' Solana Gillis | MTTLR

COPPA Crackdown: Why Courts are Right to Get Serious About Children’s Privacy

In February 2019, the Federal Trade Commission (FTC) collected the largest civil penalty for a violation of the Children’s Online Privacy Protection Act (COPPA) to date. The target: TikTok, a popular video sharing app. Tik Tok paid $5.7 million in a settlement after being accused of a host of privacy violations, including failing to obtain “verifiable parental consent prior to collecting, using and/or disclosing personal information from children,” and failing to delete personal information after parents requested it be deleted, or otherwise “retaining personal information longer than reasonably necessary.” COPPA was enacted in 1998 by the FTC and aims to protect children’s privacy by regulating how websites collect, use, and disclose the personal information of children—defined by COPPA as persons under the age of 13. The law is aimed at websites or online services that are directed toward children, or that have actual knowledge that they are collecting or maintaining personal information from children. The latter part is supposedly what tripped up TikTok, which does not formally allow children under the age of 13 to create their own accounts. On top of paying the monetary penalty, TikTok had to introduce several changes to the app in order to bring itself into compliance with the settlement order. This order also subjected TikTok to extensive compliance reporting and record keeping. In a statement, TikTok announced that it would be launching a “separate app experience” for its younger users. It also beefed up its privacy notifications—including a new account (@tiktoktips) that posts cutesy videos explaining how users can control the content they are exposed to—and promotes general “positive vibes” on the app....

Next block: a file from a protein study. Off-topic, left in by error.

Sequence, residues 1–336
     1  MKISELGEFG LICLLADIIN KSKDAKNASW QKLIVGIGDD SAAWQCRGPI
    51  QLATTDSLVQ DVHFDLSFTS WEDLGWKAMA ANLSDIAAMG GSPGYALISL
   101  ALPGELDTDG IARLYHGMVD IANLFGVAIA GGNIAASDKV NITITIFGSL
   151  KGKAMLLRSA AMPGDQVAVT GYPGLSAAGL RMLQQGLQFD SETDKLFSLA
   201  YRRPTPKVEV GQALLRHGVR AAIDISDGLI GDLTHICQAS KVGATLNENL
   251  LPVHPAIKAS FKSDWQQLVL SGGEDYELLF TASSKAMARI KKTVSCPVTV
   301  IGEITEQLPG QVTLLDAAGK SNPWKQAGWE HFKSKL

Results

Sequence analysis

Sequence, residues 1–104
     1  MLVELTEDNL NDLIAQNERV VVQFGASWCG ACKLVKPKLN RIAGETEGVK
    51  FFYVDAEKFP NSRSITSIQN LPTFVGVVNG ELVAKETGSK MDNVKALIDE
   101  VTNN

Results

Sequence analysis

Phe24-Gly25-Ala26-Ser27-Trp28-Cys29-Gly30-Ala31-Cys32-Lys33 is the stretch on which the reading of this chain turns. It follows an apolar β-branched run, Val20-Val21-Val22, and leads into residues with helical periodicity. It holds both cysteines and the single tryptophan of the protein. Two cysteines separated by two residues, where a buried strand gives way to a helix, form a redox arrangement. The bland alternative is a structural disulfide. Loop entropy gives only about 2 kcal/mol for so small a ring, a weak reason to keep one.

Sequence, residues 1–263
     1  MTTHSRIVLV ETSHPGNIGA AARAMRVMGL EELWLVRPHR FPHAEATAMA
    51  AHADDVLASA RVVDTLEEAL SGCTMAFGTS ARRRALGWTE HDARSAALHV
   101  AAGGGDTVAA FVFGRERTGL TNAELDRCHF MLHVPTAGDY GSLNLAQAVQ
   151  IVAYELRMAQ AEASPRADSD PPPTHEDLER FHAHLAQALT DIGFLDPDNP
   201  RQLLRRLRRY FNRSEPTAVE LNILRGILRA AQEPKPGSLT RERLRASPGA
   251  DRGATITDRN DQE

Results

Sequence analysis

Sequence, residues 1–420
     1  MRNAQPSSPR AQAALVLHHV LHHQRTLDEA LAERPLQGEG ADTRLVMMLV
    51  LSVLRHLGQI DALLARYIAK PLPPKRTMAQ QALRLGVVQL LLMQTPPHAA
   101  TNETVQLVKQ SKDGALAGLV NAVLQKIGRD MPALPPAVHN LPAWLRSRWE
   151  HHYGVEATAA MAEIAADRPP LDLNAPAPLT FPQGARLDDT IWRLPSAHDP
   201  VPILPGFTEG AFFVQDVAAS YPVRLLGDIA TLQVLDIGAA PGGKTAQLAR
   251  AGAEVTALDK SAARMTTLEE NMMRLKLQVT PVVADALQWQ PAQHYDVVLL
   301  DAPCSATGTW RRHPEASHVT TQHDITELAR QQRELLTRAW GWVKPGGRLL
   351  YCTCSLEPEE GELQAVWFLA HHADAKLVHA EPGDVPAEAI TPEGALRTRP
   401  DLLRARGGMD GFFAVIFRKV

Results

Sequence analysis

Tablets for All, Apps for . . . Some?

Companies like Securus (including their subsidiary JPay) and Global Tel Link (GTL) have long been front runners in providing banking and communication services to prisons. They got into the tablet space in the early 2010s, allowing people in prison to email loved ones, listen to music, play games, and access educational materials on personal devices, which provided greater flexibility and privacy. Despite some positive reactions to the presence of tablets in prisons, many also express concerns about private companies operating in a largely unregulated market, which has resulted in both harm and uncertainty for consumers. Many states have partnered with such companies to run pilot programs which provide prisoners with tablets for free (however, in some states, prisoners have been paying up to $147 for a tablet). Win-win-win, right? It is certainly a win for the companies. The tablets are about the only things that are free. These companies’ “generous” foot in the door tactics lead to enormous profits as a result of purchases made on the tablets. While many see the benefits of providing tablets in prisons, the race to enter the market combined with a lack of regulation is a recipe for harm to both prisoners and prison administration. Prisons see a lot of benefit to introducing tablets into their facilities, including less conflict among prisoners, as well as—sometimes—a cut of the profits from tablet-related sales. But some facilities have found themselves unprepared to handle the technology on such a large scale. This year, Idaho prison officials discovered that over 300 prisoners hacked JPay’s system and increased their account credits by nearly $225,000. Colorado recently went so...